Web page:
2021-02-07T20:26:42+00:00

When you wake up in the morning or after having a meal, do you notice that your teeth feel as though they’re not smooth and have a slightly slippery substance on them? That’s called plaque, which in a matter of hours could harden into tartar also known as calculus.

Understanding Tartar

Tartar is your teeth’s No. 1 enemy! It deposits on teeth, below the gum line and roots of your teeth and house bacteria that over time may cause cavities, bad breath, tooth sensitivity, gum disease and tooth loss.

Regular brushing, flossing and cleaning in between teeth help remove plaque, but they are not 100% fail proof. There are hard-to-reach areas in our mouth that can’t be thoroughly cleaned and sometimes we just don’t brush or floss our teeth properly. Without our knowing it, tartar may be building up in these areas and slowly destroying the bone supporting our teeth.

Dealing with Tartar Through a Dental Clean Procedure

Tartar can only be removed professionally, so it’s recommended that you visit your oral health therapist between three months to 12 months a year for a thorough check and dental clean to ensure healthy teeth and gums.

woman smiling up at the dentist

Following a comprehensive dental probe, one of the following two types of teeth cleaning procedures will be recommended based on the severity of tartar build-up and severe gum disease.

1. Routine Dental Cleaning

Routine teeth cleaning involves removal of tartar from your teeth and gum line. This is something that your oral health therapist may perform on your regular visit to prevent gum disease. It usually takes less than half an hour depending on the amount of tartar and plaque build up on your teeth.

How it’s Done

This procedure is also known as prophylaxis, and involves teeth scaling, polishing and brushing. First your oral health therapist uses an electric scaling instrument known as an ultrasonic cleaner to loosen tartar. Then, using various manual scaling tools and curettes, the remaining tartar is scuffed off your teeth.

Scaling exposes rough patches on your teeth where tartar is removed. Polishing helps smoothen these to enhance the aesthetic appearance of your teeth. Finally, brushing with a special toothpaste completes the process.

2. Deep Cleaning Teeth

Dental checks may reveal signs of periodontal diseases such as gum inflammation called gingivitis or a more severe gum infection known as periodontitis. According to the most recent oral health survey, about one third of Australian older than 15 years have severe gum disease.

When and Why it’s Recommended

Signs of gingivitis include bleeding, swollen, red gums as well as chronic bad breath. If not treated it could progress to periodontitis, which is characterised by the presence of pus, receding gums and “pockets ” (spaces between the gums and teeth formed due to loss of bone structure supporting the teeth as a result of tartar build-up). If a periodontal probe finds that pockets are greater than 4 millimetres, your dentist will most likely prescribe deep dental cleaning to help reverse gingivitis and stop the progression of periodontitis.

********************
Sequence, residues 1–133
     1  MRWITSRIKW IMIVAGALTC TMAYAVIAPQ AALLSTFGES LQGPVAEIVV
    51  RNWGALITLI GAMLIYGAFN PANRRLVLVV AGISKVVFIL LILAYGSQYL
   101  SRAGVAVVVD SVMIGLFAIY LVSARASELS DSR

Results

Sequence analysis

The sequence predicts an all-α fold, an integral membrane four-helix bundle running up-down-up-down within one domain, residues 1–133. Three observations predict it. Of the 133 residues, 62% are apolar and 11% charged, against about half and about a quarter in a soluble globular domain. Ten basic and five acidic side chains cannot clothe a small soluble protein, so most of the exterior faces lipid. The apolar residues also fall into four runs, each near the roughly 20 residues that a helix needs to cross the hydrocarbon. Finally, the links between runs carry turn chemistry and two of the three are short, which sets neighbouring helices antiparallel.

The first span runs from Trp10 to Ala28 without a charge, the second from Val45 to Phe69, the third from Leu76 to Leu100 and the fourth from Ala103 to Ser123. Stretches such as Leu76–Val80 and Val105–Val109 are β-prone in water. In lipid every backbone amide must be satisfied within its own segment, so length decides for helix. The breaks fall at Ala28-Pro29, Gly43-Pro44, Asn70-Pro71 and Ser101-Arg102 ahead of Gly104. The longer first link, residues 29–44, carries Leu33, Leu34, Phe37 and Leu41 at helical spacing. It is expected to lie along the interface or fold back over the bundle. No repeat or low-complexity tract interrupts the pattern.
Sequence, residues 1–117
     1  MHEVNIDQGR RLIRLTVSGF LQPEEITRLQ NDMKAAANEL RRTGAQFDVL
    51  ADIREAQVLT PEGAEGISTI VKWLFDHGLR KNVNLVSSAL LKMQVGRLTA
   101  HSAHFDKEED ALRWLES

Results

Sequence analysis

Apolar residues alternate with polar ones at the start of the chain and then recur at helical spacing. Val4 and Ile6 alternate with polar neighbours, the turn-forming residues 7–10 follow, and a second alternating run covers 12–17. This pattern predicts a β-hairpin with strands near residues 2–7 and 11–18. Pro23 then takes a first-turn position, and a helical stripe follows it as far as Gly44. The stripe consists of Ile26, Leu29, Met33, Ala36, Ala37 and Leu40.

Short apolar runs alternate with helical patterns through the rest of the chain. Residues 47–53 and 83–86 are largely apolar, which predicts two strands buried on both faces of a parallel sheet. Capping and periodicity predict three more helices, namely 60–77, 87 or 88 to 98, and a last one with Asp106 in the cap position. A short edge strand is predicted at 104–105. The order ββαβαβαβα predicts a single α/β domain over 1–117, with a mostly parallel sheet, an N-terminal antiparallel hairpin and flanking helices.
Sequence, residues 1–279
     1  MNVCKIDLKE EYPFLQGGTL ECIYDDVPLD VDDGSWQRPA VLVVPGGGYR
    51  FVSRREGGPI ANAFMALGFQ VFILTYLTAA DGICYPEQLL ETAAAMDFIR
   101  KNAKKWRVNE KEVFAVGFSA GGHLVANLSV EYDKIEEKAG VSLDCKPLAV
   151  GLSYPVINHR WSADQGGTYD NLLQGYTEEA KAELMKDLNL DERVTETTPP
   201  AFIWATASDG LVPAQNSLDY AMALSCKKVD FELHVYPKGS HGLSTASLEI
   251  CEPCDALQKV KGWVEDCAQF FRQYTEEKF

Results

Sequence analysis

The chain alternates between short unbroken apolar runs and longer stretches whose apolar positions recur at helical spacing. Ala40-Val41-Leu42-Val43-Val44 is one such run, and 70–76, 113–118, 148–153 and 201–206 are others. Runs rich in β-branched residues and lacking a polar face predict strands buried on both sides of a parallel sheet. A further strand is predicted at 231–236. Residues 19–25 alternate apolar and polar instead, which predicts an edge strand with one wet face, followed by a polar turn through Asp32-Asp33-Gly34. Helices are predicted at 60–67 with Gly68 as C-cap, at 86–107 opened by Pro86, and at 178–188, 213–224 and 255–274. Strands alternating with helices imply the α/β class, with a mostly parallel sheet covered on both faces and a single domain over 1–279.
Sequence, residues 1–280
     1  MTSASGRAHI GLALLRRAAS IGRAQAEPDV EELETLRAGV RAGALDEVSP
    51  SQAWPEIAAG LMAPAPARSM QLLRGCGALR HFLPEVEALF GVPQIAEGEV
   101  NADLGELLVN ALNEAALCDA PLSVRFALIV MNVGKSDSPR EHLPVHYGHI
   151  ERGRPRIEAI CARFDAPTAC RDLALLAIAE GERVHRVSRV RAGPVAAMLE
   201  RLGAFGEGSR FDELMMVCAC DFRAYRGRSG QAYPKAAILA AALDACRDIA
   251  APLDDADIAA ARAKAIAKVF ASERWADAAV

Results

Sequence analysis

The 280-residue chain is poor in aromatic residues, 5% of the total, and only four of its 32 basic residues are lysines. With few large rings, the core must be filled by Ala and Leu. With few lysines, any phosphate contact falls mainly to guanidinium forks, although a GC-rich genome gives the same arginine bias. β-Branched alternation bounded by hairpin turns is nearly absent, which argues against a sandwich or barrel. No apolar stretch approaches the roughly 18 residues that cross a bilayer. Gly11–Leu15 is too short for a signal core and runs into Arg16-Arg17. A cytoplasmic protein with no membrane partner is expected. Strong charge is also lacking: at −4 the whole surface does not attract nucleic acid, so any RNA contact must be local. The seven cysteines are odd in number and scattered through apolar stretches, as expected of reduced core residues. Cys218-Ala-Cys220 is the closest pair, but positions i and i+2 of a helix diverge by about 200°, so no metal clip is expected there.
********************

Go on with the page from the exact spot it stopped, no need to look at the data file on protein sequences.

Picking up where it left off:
How it’s Done

Earlier, we described how scaling works. In the case of deep dental cleaning, plaque and tartar are removed from the surface of the roots of your teeth with ultrasonic and hand scalers. This is followed by root planing which involves smoothing out rough spots to promote reattachment of the surrounding gums to your teeth.

It may take hours or even more than one session depending on the spread and severity of the condition. Numbing of the infected area may be required because the treatment goes deeper into the roots of your teeth.

Your dentist will then disinfect the area to complete the procedure and may ask you to come for a follow-up visit to ensure your teeth and gums are on their way back to good health.

After Teeth Cleaning Care

Following a teeth cleaning procedure you may feel some discomfort and tooth sensitivity, especially after the effect of the numbing agent wanes. This is normal, so don’t worry, as these symptoms will eventually go away.

Remember to regularly brush your teeth, floss and practice good oral hygiene daily. Over time, you will gradually notice the closing of pockets and you’ll enjoy healthier teeth and gums!

See Your Oral Health Therapist

No matter how well you practice good dental hygiene, there will always be areas in our mouth that only a dental professional can see, reach and treat. Regular visits to your oral health therapist will ensure serious tartar build-up is caught and treated early before it wreaks havoc on your dental and overall health. Contact us at Coburg Hill Oral Care on (03) 9041 5301 to book a visit with one of our highly qualified and experienced oral health therapists.